By Jody Steinberg
Parades and half-time ceremonies wouldn’t be the same without marching bands.
Often overlooked, the marching band is more than an after-school music or athletic activity. For many, it is the most demanding and defining experience of high school.
In a very short time, students must learn music and arduous marching techniques – then combine them. They earn a varsity letter and a physical education credit for participation. They spend summer vacation at band camp, practice for hours after school and attend game nights that end late at night. Bands perform at football games, pep rallies, band showcases, regional competitions and community events. And when football season ends, the players join the school concert band.
“Marching Band is the most public ensemble any school has,” says William Henderson, Dunwoody High School band director. “It gets to perform for so many community members.”
But all bands are not equal. Just a few miles separate Cross Keys and Dunwoody high schools, but their band programs illustrate the cultural and economic chasm that divides them.
Henderson arrived at Dunwoody two years ago with over 15 years teaching experience and a stint in the private sector. The former University of Georgia drum major came to rebuild a dwindling program that was once one of metro Atlanta’s best. So far, he’s brought the marching band from 40 to 85 core members and increased band class participation to 150 students.
Freshman Alex Cameron, who was recruited from the Peachtree Charter Middle School band, loves everything about marching band. “It’s definitely worth all the hours when you do a good show.”
Dunwoody does put on a good show. This year, they performed a repertoire of popular rock & roll tunes using traditional marching instruments as well as a percussion pit, electric guitar, viola, stationary drums, air guitars – and multiple flags. The large instruments, props and platforms are usually hauled, set up and moved by parent volunteers – an important part of the Dunwoody Wildcats band program.
“Parent support is great,” says Henderson. “There are so many things big and little that we couldn’t do without strong parents.”
DHS Band Boosters president Teresa Browning says volunteers make sure students are fed, watered and chaperoned at each game and have stadium cushions to insulate them from the cement bleachers. They also maintain communications and raise about $50,000 each year through dues and fundraisers. The money is used to pay extra instructors; maintain and repair instruments; and provide dues scholarships.
Cameron’s mom was in the marching band, and encouraged her to join. “It’s such a fun experience to be with your friends and get to do what you love,” says the trumpeter.
When band schedules threaten to interfere with schoolwork, Henderson tells students the demands and commitments are a metaphor for adult life.
“I tell them, ‘You are going to have to find a way to do it all. We have to figure out how to make our lives work.’”
At Cross Keys, the pressure to balance school and home life keeps students from marching band. Only 18 freshmen and sophomores participate – and many of those never held an instrument before joining this fall. With parents juggling jobs and other children, the students seldom enjoy the parental support, attendance or even transportation that many of their counterparts at other schools take for granted.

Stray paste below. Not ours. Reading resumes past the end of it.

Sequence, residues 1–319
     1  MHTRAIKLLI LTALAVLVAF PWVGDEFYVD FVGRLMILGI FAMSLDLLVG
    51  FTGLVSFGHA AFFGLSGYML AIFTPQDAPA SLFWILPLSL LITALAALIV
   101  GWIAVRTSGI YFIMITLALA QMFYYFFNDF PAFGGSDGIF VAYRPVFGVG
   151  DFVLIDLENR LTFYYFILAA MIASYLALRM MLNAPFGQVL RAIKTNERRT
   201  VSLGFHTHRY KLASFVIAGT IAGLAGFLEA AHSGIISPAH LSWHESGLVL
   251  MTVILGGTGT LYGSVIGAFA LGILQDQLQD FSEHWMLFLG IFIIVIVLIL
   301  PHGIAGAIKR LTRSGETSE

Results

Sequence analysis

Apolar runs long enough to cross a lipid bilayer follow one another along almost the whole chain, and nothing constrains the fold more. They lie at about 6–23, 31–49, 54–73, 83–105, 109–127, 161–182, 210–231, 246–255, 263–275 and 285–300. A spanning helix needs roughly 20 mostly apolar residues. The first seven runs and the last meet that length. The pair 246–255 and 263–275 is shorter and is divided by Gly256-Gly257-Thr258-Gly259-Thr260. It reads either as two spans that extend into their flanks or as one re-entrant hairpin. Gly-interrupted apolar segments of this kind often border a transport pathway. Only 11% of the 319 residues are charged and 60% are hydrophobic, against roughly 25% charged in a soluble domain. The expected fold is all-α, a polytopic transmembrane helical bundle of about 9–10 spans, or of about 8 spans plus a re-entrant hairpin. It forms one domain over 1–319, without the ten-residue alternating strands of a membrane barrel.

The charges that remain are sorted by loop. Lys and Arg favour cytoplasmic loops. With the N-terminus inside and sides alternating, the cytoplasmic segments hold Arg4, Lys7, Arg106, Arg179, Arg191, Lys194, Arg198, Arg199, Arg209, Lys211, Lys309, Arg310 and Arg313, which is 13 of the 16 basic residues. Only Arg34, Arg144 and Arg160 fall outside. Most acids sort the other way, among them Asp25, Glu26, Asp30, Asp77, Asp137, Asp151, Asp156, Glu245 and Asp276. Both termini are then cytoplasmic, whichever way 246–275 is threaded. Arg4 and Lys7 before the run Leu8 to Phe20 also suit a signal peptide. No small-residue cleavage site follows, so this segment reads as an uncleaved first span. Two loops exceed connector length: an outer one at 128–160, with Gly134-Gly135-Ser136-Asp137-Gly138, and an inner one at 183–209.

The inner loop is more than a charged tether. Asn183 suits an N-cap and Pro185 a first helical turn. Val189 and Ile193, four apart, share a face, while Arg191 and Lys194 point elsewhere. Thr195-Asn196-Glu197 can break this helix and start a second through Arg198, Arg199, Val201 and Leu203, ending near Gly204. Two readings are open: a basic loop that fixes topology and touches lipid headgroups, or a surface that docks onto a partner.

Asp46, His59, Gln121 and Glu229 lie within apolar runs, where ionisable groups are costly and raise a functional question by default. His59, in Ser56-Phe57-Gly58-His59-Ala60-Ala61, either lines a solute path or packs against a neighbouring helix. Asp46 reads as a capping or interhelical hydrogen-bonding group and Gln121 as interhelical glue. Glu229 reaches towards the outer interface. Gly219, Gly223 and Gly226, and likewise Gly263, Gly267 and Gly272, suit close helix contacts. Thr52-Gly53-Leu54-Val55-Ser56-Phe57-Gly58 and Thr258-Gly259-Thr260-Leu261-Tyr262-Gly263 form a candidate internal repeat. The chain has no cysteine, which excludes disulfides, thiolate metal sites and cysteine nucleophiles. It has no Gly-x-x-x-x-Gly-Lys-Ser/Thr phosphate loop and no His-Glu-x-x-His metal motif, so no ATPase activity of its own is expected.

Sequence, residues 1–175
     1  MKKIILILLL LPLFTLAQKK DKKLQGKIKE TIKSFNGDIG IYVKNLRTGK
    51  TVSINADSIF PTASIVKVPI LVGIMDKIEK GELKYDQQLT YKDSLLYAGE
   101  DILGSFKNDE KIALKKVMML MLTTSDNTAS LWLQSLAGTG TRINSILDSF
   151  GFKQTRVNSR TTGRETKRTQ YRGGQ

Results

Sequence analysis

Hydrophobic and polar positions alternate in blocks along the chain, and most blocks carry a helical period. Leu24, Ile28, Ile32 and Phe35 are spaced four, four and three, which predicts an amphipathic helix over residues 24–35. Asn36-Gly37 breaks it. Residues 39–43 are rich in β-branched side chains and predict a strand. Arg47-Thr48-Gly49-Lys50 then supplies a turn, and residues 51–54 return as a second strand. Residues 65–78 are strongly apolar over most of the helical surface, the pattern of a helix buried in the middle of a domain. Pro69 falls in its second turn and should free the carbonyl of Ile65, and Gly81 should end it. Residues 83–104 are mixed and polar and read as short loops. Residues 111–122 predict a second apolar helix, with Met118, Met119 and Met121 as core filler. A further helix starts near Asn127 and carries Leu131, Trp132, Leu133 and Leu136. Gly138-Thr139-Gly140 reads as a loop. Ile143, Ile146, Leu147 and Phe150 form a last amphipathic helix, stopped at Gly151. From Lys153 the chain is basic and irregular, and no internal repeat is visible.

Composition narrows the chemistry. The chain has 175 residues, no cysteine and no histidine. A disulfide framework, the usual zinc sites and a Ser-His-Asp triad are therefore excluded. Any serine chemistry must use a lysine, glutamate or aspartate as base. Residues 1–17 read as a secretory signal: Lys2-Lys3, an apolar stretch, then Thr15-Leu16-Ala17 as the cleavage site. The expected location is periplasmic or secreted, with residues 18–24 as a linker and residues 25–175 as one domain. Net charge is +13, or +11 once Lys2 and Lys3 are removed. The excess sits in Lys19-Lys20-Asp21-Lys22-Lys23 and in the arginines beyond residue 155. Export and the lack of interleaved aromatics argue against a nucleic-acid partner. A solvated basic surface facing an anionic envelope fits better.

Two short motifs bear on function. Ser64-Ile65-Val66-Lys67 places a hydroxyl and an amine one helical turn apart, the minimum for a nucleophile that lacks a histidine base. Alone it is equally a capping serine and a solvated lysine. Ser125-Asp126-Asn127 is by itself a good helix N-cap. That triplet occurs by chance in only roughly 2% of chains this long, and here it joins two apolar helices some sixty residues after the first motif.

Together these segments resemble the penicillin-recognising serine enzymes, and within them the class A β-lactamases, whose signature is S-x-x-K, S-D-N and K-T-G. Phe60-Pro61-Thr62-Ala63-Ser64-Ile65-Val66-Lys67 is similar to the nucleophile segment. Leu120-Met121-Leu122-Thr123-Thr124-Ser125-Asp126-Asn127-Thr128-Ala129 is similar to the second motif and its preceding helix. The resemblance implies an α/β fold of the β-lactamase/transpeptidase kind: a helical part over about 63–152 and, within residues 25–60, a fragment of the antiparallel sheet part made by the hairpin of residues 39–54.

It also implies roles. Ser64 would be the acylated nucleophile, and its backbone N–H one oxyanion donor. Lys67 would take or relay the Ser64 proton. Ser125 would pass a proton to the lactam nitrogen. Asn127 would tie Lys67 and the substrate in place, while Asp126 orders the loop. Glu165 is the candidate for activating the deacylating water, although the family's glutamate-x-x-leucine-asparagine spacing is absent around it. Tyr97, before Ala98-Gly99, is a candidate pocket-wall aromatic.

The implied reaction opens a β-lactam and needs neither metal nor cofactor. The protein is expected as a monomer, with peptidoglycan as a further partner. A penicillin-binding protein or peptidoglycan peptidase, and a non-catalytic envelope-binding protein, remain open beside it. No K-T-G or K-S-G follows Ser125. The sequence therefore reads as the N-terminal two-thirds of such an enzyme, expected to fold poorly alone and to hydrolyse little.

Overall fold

“I would have twice as many members if students didn’t feel like they have to work to help out at home,” laments band director Bernard Short.
Those obstacles bother Short, who sees marching band as a ticket to a better future.
After a year substituting around DeKalb, the Morehouse College grad knew he wanted to work at Cross Keys, citing the high level of teacher dedication and great students. Since 2007, Short has taken marching band from three to 18 members, and band and orchestra classes from three or four students to as many as 60. But he still only has one involved parent, some lackluster fundraisers, a low participation rate and students who lack music experience.
He recruits aggressively year-round, from Sequoyah Middle School to the Cross Keys cafeteria and hallways.
“Every person who walks by the band room, Mr. Short says ‘Come join the band,’” laughs drummer Andrew Conaway.
Short comes by his zealousness honestly.
“It’s my passion. Marching band literally saved my life,” says Short, who says it kept him from getting into trouble with his gang friends in New York and helped him land a scholarship to Morehouse, where he met his fiancé in the marching band. “I want to teach these kids… that there is more. There is life beyond the Buford Highway.”
“The culture of band is really nonexistent here,” he said. “I tell them, ‘I’ll teach you everything you need to know.’”
Short espouses discipline and responsibility, reminding band members they are ambassadors for Cross Keys. Members say marching band has motivated them to become better students and, for the first time, encouraged them to plan for college.
Trombonist Terry Falconer takes a bus home from practice, arriving about 7:30 p.m. to begin homework and practice. “It forces us to be disciplined,” says the ninth grader, who has set his sights on Morehouse College. “It teaches us good study habits and how to focus.”
Chuan Fu gets home at 7:45 p.m. most nights, but she’s committed. “I come to band room every chance we have.”
Short likes students to hang out in the band room. He wants to take them places and show them the opportunities that await them. “I’m trying my best to make it a family environment. For some students, this is most stable environment they have. I know I can make a difference.”